DIVISION 7 NOTES: The two qualifying programs have a history of facing off in the championship game. The title game features a rematch of the 2019 title game and also the 2018 championship game prior to Black Hawk forming a co-op program. It will be the second State finals appearance for the Black Hawk/Warren, Ill. co-op. The Warriors defeated the Wildcats in their first appearance as a co-op in the 2019 championship game. As a stand-alone program, Black Hawk played in the championship game four times. They won the title against Edgar in 2018, and won their first championship in 2013. The Warriors finished runners-up in 2017 and also in Division 6 in 1998. They are the co-champions of the Six Rivers Conference this season with Potosi/Cassville. The Warriors return to Camp Randall following a 36-7 win over Reedsville at Level 4. Other than their only loss of the season, the Warriors average margin of victory this season is 28.5 points, outscoring the opposition 496-118. Edgar will play in the State title game for the 14th time, which leads all other member schools. The Wildcats have won seven championships. They won the Division 7 crown in 2016; Division 6 championships in 2009 and 2010; Division 5 titles in 1992, 1999 and 2001; and a Division 4 gold trophy in 1979. In addition, the Wildcats have runner-up finishes in 1991, 1998, 2000, 2008, 2018 and 2019. They were the champions in the Marawood Conference this fall. The Wildcats defeated Bangor 21-3 at Level 4 for the chance to earn their eighth title. After falling in the first game of the year, the Wildcats defeated Stratford, which is playing for the Division 6 title this week, 40-6, and recorded shutouts in nine straight games. They have outscored opponents 464-47 this season.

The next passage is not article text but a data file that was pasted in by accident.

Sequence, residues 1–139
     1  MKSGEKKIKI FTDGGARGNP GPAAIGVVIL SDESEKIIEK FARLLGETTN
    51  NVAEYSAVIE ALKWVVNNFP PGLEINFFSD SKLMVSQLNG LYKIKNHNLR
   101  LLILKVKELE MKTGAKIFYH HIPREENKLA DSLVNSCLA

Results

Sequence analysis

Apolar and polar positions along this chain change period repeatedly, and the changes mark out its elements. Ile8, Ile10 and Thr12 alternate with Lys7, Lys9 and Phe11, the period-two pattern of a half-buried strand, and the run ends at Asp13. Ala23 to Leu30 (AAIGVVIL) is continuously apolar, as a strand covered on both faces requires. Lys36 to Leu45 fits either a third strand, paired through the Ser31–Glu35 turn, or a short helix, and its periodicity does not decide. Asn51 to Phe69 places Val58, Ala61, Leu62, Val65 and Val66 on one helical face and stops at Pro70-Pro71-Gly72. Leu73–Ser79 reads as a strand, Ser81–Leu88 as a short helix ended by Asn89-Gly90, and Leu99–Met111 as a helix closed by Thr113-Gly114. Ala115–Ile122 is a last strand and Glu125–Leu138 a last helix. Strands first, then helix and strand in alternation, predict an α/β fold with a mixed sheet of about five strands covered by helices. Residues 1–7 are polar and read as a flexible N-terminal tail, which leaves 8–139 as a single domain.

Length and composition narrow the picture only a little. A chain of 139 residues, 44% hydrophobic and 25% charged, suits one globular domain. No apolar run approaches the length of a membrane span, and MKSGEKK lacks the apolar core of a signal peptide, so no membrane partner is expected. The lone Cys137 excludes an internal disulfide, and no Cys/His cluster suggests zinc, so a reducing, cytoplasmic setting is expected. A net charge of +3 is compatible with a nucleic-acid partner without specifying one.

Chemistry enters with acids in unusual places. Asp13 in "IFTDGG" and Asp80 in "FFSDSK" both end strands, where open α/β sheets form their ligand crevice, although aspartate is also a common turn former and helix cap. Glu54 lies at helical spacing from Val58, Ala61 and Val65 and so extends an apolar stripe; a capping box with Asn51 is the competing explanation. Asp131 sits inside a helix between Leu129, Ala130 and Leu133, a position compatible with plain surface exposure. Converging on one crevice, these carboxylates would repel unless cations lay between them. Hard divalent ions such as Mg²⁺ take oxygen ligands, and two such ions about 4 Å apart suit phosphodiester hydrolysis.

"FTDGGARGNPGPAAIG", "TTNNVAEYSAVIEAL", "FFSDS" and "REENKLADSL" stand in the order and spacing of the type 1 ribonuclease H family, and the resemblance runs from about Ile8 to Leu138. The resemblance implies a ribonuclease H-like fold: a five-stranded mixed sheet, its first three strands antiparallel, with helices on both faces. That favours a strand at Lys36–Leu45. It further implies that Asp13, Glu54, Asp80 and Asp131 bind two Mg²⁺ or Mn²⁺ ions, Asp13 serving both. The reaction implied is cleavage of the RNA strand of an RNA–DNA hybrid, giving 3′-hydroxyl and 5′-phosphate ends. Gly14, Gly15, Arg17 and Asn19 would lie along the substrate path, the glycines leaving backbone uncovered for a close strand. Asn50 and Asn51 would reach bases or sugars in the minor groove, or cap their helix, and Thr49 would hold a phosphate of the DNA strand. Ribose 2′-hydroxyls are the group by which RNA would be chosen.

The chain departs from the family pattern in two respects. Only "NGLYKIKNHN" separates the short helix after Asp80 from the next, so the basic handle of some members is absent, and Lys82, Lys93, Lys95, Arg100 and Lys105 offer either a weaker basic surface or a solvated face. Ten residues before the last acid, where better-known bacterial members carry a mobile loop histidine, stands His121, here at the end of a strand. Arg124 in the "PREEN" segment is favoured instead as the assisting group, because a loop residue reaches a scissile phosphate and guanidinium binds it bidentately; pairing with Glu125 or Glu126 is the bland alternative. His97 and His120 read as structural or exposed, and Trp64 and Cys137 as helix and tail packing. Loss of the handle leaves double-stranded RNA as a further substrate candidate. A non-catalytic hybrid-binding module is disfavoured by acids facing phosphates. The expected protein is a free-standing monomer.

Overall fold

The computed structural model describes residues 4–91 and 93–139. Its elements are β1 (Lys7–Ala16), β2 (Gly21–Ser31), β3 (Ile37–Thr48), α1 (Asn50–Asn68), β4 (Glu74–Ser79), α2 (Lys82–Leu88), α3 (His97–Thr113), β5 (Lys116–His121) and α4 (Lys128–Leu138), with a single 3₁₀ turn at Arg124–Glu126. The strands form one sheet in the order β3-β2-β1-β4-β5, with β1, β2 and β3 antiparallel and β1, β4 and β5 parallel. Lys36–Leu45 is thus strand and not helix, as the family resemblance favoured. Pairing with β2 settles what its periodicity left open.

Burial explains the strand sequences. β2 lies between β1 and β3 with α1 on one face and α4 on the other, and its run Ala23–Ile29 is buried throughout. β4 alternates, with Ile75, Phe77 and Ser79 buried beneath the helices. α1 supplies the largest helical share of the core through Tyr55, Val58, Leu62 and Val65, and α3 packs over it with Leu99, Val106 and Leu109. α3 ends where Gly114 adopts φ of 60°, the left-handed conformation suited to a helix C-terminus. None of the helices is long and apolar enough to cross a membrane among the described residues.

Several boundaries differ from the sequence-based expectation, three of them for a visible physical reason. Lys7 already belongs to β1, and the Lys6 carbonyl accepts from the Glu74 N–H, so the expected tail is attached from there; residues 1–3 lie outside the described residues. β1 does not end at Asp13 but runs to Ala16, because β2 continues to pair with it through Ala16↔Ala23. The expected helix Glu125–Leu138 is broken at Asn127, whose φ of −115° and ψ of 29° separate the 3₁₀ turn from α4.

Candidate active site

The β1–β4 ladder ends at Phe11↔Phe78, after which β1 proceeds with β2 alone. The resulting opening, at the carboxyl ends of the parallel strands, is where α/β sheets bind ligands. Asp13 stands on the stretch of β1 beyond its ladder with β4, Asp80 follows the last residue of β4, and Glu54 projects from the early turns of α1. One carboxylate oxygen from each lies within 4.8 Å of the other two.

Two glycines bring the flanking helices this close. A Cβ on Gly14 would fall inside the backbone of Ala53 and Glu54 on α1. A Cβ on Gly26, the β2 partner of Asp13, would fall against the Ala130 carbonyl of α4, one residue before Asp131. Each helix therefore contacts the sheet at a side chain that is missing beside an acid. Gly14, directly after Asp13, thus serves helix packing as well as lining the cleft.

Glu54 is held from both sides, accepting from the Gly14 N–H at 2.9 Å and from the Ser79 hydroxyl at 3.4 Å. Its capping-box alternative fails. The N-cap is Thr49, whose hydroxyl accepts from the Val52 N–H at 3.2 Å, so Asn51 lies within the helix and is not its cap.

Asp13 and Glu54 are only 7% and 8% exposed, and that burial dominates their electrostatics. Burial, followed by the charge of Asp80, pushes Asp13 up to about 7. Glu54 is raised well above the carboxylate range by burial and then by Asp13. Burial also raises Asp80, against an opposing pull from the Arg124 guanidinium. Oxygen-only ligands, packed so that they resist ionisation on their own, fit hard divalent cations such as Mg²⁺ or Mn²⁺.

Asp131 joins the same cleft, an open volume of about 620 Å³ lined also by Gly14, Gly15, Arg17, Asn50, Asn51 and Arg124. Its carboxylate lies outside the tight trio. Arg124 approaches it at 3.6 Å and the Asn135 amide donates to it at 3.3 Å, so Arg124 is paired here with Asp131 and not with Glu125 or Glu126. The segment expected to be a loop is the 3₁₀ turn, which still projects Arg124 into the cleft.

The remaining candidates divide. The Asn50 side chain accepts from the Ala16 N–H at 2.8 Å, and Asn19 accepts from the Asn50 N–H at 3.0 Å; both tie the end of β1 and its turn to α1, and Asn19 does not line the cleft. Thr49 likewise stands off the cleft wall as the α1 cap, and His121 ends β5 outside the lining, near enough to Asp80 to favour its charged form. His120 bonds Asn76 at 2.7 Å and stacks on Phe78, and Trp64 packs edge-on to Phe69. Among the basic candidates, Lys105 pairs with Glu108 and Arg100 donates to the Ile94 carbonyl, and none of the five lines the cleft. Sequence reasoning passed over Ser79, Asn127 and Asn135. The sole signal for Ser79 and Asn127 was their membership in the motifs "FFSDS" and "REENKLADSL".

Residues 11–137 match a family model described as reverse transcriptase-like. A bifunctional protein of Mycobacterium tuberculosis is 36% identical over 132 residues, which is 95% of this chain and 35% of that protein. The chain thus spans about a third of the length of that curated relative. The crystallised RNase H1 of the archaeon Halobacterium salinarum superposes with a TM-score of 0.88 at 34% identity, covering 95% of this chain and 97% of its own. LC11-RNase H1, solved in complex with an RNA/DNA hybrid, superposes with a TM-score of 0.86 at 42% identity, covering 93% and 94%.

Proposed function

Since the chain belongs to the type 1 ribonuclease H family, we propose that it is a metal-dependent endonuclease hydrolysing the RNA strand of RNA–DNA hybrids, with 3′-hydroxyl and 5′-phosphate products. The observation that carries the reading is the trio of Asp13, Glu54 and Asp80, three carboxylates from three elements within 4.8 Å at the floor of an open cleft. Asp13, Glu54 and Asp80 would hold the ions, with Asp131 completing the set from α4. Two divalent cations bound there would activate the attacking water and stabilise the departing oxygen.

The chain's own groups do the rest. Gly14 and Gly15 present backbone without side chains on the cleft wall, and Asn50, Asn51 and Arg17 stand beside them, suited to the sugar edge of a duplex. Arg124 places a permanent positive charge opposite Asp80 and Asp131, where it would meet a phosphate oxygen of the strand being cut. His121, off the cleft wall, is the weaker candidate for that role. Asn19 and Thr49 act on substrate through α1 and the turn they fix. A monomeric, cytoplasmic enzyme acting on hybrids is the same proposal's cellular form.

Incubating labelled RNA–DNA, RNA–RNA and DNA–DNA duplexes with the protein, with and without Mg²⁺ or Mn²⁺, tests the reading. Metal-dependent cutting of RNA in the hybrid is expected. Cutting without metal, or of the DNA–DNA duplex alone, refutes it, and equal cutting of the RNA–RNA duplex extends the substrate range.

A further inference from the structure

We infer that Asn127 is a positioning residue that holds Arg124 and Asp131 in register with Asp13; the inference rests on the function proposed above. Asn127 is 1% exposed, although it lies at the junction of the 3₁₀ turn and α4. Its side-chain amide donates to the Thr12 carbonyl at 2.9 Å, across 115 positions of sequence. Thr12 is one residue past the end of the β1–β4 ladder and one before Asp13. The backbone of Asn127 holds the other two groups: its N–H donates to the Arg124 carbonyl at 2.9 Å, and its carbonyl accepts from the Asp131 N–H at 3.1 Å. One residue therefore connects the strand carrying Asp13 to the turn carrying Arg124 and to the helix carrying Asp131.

EIGHT-PLAYER RECAP: Florence (11-0) capped an undefeated season by winning the State 8-player football championship with a 32-30 victory over Thorp (9-3) at South Wood County Stadium. The game-winning score was a 1-yard plunge by quarterback William Kelley, his third rushing touchdown of the game, with 7:29 remaining in the fourth quarter. Florence held the edge in total offense, outgaining Thorp 485-432, including 480 yards rushing, which ranks second most in a State 8-player championship game. The Bobcats dominated the time of possession in the game, controlling the ball for 30:48 compared to 17:12 for the Cardinals. Logan Schuls led Florence in rushing with 272 yards and two scores, and Kelley rushed for 194 yards and three touchdowns. Kelley also completed just 1-of-5 passes for five yards. Defensively, Joey Holstrom led the team with seven tackles, and Dustin Williams picked off two Thorp passes. Sutton led the Cardinals’ offense with 355 yards of total offense. He rushed for 135 yards and two touchdowns, and he completed 14-of-22 passes for 220 yards and two scores. Logan Hanson rushed for 77 yards and caught three passes for 32 yards and a score. Schultze led all pass catchers with five receptions for 53 yards, and Landon Penk caught three passes for a game-high 75 yards. Hanson and Sutton also led the Cardinals on defense with 13 and 11.5 tackles, respectively, and Sutton added an interception. Florence won the 8-player football title in its first appearance in the championship game, and Thorp finished runner-up in its first experience at State. The game set a State 8-player championship game attendance record with 1,459 spectators.